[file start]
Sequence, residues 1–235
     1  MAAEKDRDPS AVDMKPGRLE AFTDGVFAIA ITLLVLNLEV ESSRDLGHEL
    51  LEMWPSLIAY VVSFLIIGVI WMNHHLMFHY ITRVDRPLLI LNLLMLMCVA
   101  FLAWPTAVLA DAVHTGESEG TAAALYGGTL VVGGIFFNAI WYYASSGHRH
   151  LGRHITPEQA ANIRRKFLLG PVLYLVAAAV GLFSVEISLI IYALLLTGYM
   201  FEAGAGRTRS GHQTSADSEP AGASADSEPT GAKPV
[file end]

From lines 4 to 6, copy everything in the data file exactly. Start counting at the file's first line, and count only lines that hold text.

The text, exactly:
   101  FLAWPTAVLA DAVHTGESEG TAAALYGGTL VVGGIFFNAI WYYASSGHRH
   151  LGRHITPEQA ANIRRKFLLG PVLYLVAAAV GLFSVEISLI IYALLLTGYM
   201  FEAGAGRTRS GHQTSADSEP AGASADSEPT GAKPV